On Thursday, 25 Mandela Fellows will visit Manning as part of a six-week experience in the United States.
The Mandela Washington Fellowship is a nationwide program of the U.S. State Department.
“They bring 700 to 1,000 young, already successful, business leaders from nations in sub-Saharan Africa,” said Lance Noe, who is a faculty member and the director of the Center for Professional Studies in the College of Business and Public Administration at Drake University in Des Moines.
The Mandela Fellows are split among 20 to 25 universities across the country where they spend six weeks studying.
The program members visiting Manning this week are studying business and entrepreneurship at Drake.
“There are 700 studying in the U.S. this summer,” Noe said. “We have 25 at Drake and the University of Iowa has 25. There are two or three different areas of emphasis.”
The program has several goals.
“From the U.S. perspective, it’s investing in young people who have already proved they’re successful – lawyers, doctors, businesspeople, engineers, etc. – and offering them a unique experience to come and study and engage with other successful people in the United States,” he said.
“They (State Department staff) see that as a good thing to help to more quickly build capacity in these nations in Africa. This is the kind of investment that the U.S. wants to make with nations that are on the cusp of becoming more and more successful.”
The population of Africa is about to explode, Noe said.
“From a U.S. perspective, this is where the growth in population and the markets in the next 50 years is going to be,” he said.
Researchers at Corteva Agriscience believe that as many as 100 million people will be moving into a working class/middle class lifestyle in sub-Saharan Africa in the near future, Noe said.
“That means their diet is going to change dramatically and they are going to be a fantastic market for ag technology and agricultural products,” he said.
Drake University sets up an elaborate program to engage the Mandela Fellows.
“They have traditional classroom stuff with Drake professors,” Noe said. “They also do a lot of site visits. We meet with different companies and nonprofits in the Des Moines metro and beyond.”
The fellows will spend half a day at a company like Corteva or with a healthcare organization such as Methodist Hospital or at a nonprofit like Habitat for Humanity.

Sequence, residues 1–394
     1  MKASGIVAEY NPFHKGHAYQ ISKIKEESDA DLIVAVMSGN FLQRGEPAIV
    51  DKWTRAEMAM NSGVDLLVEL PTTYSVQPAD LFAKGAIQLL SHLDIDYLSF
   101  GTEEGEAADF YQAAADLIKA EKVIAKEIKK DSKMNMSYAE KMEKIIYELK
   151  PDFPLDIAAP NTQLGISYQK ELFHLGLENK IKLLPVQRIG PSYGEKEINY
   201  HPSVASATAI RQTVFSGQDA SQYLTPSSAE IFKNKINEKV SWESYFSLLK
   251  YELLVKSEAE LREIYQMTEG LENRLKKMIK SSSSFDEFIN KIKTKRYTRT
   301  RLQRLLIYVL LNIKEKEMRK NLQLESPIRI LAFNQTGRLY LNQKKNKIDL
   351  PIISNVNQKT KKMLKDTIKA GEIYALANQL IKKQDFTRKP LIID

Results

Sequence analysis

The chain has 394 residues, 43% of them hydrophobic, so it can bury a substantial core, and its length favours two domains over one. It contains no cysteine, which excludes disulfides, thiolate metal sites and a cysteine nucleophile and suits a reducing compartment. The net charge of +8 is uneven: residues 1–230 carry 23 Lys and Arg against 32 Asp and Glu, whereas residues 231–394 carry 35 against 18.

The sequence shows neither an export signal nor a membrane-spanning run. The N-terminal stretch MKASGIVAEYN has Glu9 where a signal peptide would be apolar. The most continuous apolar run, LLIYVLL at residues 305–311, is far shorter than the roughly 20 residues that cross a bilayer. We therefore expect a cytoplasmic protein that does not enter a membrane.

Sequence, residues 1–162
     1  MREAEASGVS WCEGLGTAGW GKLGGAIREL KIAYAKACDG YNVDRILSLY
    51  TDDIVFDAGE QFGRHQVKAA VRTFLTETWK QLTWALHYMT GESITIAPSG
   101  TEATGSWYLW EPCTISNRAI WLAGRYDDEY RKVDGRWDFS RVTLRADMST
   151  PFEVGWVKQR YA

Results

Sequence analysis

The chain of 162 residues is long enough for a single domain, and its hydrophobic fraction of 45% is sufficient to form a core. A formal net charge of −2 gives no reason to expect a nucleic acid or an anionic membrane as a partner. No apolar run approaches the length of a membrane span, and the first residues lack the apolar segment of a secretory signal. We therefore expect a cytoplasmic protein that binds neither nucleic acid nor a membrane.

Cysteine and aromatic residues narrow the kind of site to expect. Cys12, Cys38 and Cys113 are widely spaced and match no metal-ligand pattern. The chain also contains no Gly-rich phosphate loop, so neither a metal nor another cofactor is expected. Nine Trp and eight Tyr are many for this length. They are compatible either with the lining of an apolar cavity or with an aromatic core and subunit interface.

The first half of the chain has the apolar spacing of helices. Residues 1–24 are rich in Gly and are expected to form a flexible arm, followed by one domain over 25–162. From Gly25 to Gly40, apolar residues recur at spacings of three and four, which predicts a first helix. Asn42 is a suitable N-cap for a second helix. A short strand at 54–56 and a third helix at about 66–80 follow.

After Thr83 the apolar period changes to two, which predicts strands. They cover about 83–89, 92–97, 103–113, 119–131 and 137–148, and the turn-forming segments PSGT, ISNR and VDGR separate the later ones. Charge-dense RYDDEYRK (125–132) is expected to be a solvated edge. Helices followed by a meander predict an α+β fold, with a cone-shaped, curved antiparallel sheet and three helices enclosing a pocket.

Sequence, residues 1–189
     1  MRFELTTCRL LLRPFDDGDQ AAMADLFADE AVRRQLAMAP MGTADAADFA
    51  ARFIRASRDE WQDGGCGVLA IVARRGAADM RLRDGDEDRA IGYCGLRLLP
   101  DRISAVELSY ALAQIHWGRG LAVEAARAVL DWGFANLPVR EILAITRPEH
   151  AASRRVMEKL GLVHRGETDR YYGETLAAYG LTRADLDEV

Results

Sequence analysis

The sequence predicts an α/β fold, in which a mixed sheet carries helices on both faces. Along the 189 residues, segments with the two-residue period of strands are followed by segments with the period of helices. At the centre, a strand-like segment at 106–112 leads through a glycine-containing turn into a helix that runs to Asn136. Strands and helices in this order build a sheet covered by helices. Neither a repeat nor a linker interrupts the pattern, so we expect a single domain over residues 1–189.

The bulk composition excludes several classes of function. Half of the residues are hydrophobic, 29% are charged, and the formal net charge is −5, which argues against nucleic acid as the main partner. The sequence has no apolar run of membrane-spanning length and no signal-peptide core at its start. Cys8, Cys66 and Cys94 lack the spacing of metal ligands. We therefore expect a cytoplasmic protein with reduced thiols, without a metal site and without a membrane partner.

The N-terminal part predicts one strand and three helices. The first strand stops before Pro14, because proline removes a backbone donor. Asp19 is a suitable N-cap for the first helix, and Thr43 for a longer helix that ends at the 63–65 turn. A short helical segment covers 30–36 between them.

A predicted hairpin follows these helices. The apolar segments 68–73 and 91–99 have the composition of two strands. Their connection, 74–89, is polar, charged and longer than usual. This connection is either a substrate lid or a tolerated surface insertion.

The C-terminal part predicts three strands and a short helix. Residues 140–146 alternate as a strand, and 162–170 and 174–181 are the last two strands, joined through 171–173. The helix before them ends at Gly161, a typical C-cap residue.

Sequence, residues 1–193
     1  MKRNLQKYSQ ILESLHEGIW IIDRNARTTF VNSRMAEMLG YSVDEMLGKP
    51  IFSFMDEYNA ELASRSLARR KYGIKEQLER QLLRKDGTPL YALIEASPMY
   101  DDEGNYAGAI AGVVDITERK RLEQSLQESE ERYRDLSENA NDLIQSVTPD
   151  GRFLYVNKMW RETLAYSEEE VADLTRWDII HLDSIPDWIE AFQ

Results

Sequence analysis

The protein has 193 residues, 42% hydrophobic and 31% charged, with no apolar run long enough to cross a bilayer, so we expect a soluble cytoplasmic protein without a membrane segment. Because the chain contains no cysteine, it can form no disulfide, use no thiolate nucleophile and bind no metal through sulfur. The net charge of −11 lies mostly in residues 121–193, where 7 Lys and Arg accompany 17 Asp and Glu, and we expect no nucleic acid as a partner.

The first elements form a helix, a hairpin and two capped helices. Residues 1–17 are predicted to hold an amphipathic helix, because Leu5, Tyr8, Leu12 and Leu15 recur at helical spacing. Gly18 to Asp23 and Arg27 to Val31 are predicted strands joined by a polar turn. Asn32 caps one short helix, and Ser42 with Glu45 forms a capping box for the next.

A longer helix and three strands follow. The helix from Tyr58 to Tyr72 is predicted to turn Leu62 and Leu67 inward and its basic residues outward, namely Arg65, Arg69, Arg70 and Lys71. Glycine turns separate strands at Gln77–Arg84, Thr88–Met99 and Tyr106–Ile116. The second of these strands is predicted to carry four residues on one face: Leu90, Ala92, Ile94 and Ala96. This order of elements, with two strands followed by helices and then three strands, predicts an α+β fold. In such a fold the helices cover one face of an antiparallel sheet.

“They learn how we do things in the Midwest,” he said. “These are things they can take back with them and see if they can apply to their own communities.”
Noe said the school made an effort to take the fellows out of the Des Moines metro area.
“We took the group down to Honey Creek (Resort) in southeast Iowa where they could see how government and for-profits and rural communities can develop a destination place for recreation,” Noe said. “Several of the fellows are into eco-tourism, which they think is something that Africa has a chance to offer.”
Drake chose Manning for one of the excursions because a professor at the school previously worked with the town on a project.
“We see Manning as a really fantastic small community that has done some incredible things developing their community,” he said.
The group will spend the whole day in Manning.
“We’ll learn how Manning redid their downtown strip, what some of their strategies were for that and while we’re there we will do some community service with their park,” he said.
Other activities will include lunch at a downtown restaurant and visits to several local farms.
“They’ll get to see what a large row crop farming operation is, which is something they are very anxious to learn about,” Noe said.
They will also see a farmstead with hobby animals for a look at the rural Iowa lifestyle.
“It’s important to see how rural Iowa works because a lot of these nations in Africa have rural areas and they are trying to figure out how to make that transition as the populations move from rural areas to urban areas, just like is happening in the U.S.,” Noe said.
Showing how a rural area can adapt to new technologies is another goal of the Manning visit, he said.
“Here we have a small population and they have done all these fantastic things to build capacity and make it a really wonderful living environment that is attractive to a lot of people,” Noe said. “Our fellows really need to see how that works.”